Australian Spotted Crake

Did you know?

The Australian Spotted Crake was first scientifically described by John Gould in 1843. The first part of its Latin name, Porzana, is a local (Venetian) name for the smaller crakes. Fluminea just means 'frequenting rivers'.

The Australian Spotted Crake most common call is a sharp, metallic double-note call. Other calls are a single-note call, descibed as querulous and given when the bird is disturbed from its nest; a chattering; and a prolonged wheezing note.
Facts and Figures
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Breeding season: 
August - January, but late April recorded
Clutch Size: 
3 - 6, usually 4 - 5
Conservation Status
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What does it look like?

The adult Australian Spotted Crake is dark grey on its face, forehead, throat and chest. The crown of its head, the back of its neck and its upper parts are brownish olive, streaked black and finely spotted with white. Its lower flanks are black barred white, and the underside of its tail is white. It has an olive-green bill with an orange-red area at the bill's base. Its legs and feet are green to olive yellow. The female is similar to the male but duller with less contrast in its plumage colours. This bird is also known as the Australian, Spotted or Water Crake.

Similar species: 

Baillon's Crake, Porzana pusilla, is smaller but generally paler, with richer cinnamon-brown upper parts and a pale grey underbody. The underside of its tail is barred not white and it's call is quite different to that of the Australian Spotted Crake. The Spotless Crake, Porzana tabuensis, is also similar but it is darker and more uniform than the  Australian Spotted Crake. The Spotless Crake also has barring on the underside of its tail and has pinkish or reddish legs. Again its call is quite different to the Australian Spotted Crake's. Lewin's Rail, Rallus pectoralis, can be distinguished from the Australian Spotted Crake by its reddish forehead and neck and its long, slender pinkish bill.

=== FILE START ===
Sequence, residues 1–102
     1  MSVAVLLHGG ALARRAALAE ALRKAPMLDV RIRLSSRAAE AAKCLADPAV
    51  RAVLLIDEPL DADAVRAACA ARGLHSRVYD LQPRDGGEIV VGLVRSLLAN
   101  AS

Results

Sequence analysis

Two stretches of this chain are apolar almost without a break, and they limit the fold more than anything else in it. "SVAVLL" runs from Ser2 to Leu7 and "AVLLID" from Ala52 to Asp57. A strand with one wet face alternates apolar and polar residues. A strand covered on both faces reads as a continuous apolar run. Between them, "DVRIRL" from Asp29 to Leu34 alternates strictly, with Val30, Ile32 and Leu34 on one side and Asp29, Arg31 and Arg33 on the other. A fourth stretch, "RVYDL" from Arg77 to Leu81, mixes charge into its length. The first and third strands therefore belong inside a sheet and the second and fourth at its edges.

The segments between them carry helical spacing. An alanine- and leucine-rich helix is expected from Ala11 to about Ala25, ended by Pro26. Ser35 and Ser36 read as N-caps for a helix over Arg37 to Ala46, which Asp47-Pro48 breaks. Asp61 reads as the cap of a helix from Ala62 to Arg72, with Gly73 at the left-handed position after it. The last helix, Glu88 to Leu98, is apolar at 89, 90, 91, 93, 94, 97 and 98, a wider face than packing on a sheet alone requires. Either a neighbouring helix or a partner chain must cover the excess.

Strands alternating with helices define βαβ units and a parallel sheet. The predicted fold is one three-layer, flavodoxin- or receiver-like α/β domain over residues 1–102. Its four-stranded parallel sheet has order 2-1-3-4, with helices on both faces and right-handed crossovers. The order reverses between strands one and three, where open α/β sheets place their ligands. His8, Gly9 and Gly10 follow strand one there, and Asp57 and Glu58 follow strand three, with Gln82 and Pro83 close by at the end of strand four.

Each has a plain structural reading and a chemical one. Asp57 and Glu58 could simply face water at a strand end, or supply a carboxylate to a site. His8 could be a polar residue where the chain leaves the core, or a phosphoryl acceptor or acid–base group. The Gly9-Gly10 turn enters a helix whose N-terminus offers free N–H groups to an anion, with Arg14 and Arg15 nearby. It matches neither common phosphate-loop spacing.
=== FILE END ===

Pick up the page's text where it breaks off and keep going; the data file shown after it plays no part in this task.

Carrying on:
Where does it live?

The Australian Spotted Crake is mainly found in the south-east and the south-west of Australia. It is rare in Queensland. It is widespread in much of New South Wales away from the coast, in much of Victoria and in north-eastern South Australia. It is uncommon in Tasmania. In Western Australia it is found in the south-west and also in the Kimberleys. It is sparse or not found elsewhere in W.A. It is now probably common around Alice Springs also.


The Australian Spotted Crake is found in the well-vegetated edges of wetlands, whether permanent or temporary, fresh or saltwater. It is usually found among dense growths of plants such as saltbush, reeds, rushes, mangroves, thick grass, or dense shrubs such as Bottle-brush (Callistemon) or Tea-tree (Melaleuca). 

Seasonal movements: 

The Australian Spotted Crake does not appear to be a migratory species. They do appear in unusually large numbers at times, suddenly appearing and then departing. They can be abundant after heavy rains and floods. 

What does it do?

Australian Spotted Crakes eat seeds, molluscs, insects, crustaceans and spiders. They usually feed early or late in the day, on the ground. They forage on mudflats, and in reed beds. They will also wade in shallow water or swim probing underwater, oftening submerging their heads while doing this.


Australian Spotted Crakes nest in swamps or lakes in a variety of vegetation types, such as rushes, grass, low shrubs and water-lilies. They may also nest on overhanging tree branches or on the ground. Nests are often in the centre of a clump of rushes. Some nests have a stage or track leading to them.  Nests can vary from a flat, flimsy structure to a cup of fine, woven material, sometimes with a dome or with rushes interlaced over the nest. Nests are made of rushes or grass and lined with soft grass.

Living with us

Australian Spotted Crake habitat has been destroyed by the reclamation of wetlands and by cattle grazing near wetlands. However they benefit from artificial wetlands, including saltworks and sewerage farms.

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